Look before you leap! Then, if you look also think or, alas, your world may change irreversibly.
Inspired by yesterday’s demonstration of the ease with which one can clean and sharpen gardening tools, today I had a look at my own secateurs and my telescopic (failed function) bypass bush/tree lopper and thought I would work on them.
On the latter the nuts were clear so I unscrewed them – without looking at the reverse side, and therefore without thinking about the possible consequences.
The equipment was quickly and easily disassembled and with sandpaper I gave the parts a superficial clean. Then with an aged stone (when I left home to go to Art School over 50 years ago my father gave me a box of tools and the stone was one of its contents) and WD-40, I set about sharpening the blade. It wasn’t easy. One side of the stone had a well worn concave depression and was the wrong size, so I used the flat reverse. But it certainly wasn’t as easy as it looked yesterday. Eventually I cleaned up, reinserted the bolts and set out to tighten the screws. If only I had looked on the reverse beforehand.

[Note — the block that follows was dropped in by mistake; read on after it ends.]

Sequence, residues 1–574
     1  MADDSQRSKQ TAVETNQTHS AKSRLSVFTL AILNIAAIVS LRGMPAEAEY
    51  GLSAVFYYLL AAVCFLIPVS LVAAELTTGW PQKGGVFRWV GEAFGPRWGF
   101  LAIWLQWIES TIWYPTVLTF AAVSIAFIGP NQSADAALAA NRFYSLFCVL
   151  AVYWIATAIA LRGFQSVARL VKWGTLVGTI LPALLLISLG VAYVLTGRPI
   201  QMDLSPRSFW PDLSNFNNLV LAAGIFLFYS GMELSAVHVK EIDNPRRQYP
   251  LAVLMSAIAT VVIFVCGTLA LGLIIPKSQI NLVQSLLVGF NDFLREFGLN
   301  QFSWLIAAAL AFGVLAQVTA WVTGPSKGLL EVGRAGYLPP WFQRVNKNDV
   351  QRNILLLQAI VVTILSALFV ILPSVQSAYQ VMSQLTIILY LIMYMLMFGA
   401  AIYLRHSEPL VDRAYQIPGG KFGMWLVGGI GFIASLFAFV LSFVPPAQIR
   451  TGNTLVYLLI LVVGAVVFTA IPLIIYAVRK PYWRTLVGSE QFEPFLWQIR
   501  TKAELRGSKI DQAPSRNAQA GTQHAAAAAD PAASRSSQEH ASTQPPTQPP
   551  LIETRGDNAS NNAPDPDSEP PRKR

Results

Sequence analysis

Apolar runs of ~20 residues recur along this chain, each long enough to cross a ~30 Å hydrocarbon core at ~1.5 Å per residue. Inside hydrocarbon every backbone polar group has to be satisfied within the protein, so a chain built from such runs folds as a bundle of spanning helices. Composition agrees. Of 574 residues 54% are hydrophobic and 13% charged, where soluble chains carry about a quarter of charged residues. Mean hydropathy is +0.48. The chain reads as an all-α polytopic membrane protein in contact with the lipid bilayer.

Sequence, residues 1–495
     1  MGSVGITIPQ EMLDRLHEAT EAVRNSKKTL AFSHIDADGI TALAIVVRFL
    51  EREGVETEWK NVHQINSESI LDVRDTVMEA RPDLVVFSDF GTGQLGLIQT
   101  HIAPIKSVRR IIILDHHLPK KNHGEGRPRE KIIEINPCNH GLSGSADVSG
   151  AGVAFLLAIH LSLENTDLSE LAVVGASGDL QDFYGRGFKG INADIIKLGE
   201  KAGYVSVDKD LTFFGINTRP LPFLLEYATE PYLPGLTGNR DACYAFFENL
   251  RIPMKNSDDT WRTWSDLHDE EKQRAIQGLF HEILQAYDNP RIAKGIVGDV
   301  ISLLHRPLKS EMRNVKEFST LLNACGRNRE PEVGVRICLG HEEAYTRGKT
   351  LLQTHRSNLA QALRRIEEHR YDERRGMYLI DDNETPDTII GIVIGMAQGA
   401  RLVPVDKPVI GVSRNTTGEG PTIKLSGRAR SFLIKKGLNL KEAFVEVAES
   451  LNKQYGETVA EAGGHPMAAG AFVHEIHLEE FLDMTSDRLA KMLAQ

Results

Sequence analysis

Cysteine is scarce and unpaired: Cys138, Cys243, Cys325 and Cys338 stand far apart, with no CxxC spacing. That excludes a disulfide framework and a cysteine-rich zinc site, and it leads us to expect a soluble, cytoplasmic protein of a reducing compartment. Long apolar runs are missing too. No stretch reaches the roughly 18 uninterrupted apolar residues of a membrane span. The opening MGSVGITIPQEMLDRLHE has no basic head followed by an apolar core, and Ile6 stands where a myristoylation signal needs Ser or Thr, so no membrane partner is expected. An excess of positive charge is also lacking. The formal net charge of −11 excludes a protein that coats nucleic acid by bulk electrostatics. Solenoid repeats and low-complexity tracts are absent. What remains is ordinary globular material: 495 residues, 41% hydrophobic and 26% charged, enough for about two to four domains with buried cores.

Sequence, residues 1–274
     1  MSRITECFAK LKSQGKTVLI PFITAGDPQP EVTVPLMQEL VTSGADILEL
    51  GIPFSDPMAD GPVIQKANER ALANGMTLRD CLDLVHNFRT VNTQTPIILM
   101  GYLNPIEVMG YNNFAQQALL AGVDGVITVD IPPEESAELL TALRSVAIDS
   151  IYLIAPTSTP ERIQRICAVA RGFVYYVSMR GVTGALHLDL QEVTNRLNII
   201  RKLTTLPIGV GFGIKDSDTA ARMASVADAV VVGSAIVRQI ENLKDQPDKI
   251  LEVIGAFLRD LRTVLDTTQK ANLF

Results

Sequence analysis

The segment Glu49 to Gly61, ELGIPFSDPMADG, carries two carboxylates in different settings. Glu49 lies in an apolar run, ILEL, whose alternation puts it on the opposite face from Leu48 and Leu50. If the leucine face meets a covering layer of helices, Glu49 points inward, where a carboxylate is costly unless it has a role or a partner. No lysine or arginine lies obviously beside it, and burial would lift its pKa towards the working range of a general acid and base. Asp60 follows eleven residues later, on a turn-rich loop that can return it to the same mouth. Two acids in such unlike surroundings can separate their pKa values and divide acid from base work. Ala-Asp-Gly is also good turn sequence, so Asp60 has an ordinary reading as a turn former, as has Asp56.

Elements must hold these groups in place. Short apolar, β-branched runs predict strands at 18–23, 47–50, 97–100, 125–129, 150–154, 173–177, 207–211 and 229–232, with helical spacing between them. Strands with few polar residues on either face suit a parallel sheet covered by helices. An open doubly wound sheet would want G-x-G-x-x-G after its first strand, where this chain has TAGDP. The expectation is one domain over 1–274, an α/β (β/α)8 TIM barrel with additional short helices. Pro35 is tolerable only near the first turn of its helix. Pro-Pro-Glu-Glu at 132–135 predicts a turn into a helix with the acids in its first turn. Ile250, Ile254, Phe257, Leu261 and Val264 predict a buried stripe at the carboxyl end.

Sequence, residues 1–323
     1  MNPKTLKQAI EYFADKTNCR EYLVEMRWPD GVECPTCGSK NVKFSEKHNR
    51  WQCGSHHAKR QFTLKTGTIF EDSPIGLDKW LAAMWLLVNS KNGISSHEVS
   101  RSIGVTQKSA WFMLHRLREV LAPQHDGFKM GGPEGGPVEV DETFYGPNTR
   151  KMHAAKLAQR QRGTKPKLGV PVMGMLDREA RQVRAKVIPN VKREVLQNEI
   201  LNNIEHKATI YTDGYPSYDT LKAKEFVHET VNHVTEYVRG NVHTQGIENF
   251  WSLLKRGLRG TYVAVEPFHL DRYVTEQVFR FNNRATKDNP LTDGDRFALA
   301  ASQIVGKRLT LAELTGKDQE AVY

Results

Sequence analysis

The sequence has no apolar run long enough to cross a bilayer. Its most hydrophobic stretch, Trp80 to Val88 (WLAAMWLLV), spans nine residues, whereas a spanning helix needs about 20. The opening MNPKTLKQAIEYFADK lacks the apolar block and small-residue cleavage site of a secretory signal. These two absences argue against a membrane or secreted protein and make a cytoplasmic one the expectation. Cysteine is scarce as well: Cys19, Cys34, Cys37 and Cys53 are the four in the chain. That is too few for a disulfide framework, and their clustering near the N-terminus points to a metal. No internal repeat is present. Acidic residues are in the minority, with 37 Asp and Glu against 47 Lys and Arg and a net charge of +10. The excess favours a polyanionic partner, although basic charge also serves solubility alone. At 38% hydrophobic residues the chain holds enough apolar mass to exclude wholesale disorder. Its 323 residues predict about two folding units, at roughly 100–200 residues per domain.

The back of the bolt was a smooth slightly convex shape and this meant it was impossible to retighten the nut sufficiently because that end kept moving with each turn of the nut. There was no way to get a good grip on this to stop it moving as the nut was tightened. Consequently, I was never able to finish the reassembly and was left with a blade about half a centimetre apart from the other side – a useless gap.
Never again could there be a close bypass. The loppers were no longer functional so they have been consigned to the rubbish bin.
By the way, after extensive efforts to tighten the nut I fixed it sufficiently tight so as to not be able to undo and start again with a different plan of attack. Yes, I was stuffed!
It should come as no surprise that when I looked at the secateurs, I decided not to pull them apart and simply clean with sandpaper and with difficulty use the stone on parts of the blades. With the angles on the stone, and the size of the stone relative to the curves of the secateurs blades, resharpening was almost non-existent. Yesterday I had Lesson 101, maybe I need lesson 102!